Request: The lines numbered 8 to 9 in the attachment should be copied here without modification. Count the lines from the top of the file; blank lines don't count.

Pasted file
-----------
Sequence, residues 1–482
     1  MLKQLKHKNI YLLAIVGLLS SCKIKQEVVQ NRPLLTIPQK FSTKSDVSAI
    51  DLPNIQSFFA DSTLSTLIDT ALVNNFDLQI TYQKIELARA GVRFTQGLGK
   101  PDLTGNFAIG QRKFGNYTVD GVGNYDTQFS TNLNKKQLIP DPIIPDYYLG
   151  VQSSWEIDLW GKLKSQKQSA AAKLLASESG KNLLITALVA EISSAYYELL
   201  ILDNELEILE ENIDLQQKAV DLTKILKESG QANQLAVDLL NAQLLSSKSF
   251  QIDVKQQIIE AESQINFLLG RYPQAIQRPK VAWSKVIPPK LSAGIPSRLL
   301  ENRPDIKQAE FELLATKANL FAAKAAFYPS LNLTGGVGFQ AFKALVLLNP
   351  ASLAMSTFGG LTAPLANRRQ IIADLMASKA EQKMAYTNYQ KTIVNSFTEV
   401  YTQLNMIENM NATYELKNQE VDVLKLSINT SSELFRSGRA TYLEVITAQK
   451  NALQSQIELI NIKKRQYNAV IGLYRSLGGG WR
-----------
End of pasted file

   301  ENRPDIKQAE FELLATKANL FAAKAAFYPS LNLTGGVGFQ AFKALVLLNP
   351  ASLAMSTFGG LTAPLANRRQ IIADLMASKA EQKMAYTNYQ KTIVNSFTEV